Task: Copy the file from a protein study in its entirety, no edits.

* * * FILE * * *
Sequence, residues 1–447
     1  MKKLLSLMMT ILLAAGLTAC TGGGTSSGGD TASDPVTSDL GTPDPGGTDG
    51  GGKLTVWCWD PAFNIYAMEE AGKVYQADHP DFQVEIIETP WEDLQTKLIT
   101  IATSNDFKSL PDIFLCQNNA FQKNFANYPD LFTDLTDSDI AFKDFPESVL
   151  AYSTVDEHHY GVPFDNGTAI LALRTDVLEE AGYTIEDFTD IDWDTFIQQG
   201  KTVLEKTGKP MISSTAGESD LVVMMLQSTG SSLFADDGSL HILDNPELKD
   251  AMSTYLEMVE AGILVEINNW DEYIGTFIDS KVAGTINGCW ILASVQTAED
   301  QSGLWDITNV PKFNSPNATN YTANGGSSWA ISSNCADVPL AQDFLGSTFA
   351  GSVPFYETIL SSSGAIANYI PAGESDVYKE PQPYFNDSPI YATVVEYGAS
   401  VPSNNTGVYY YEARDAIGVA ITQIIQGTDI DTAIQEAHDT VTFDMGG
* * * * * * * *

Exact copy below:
Sequence, residues 1–447
     1  MKKLLSLMMT ILLAAGLTAC TGGGTSSGGD TASDPVTSDL GTPDPGGTDG
    51  GGKLTVWCWD PAFNIYAMEE AGKVYQADHP DFQVEIIETP WEDLQTKLIT
   101  IATSNDFKSL PDIFLCQNNA FQKNFANYPD LFTDLTDSDI AFKDFPESVL
   151  AYSTVDEHHY GVPFDNGTAI LALRTDVLEE AGYTIEDFTD IDWDTFIQQG
   201  KTVLEKTGKP MISSTAGESD LVVMMLQSTG SSLFADDGSL HILDNPELKD
   251  AMSTYLEMVE AGILVEINNW DEYIGTFIDS KVAGTINGCW ILASVQTAED
   301  QSGLWDITNV PKFNSPNATN YTANGGSSWA ISSNCADVPL AQDFLGSTFA
   351  GSVPFYETIL SSSGAIANYI PAGESDVYKE PQPYFNDSPI YATVVEYGAS
   401  VPSNNTGVYY YEARDAIGVA ITQIIQGTDI DTAIQEAHDT VTFDMGG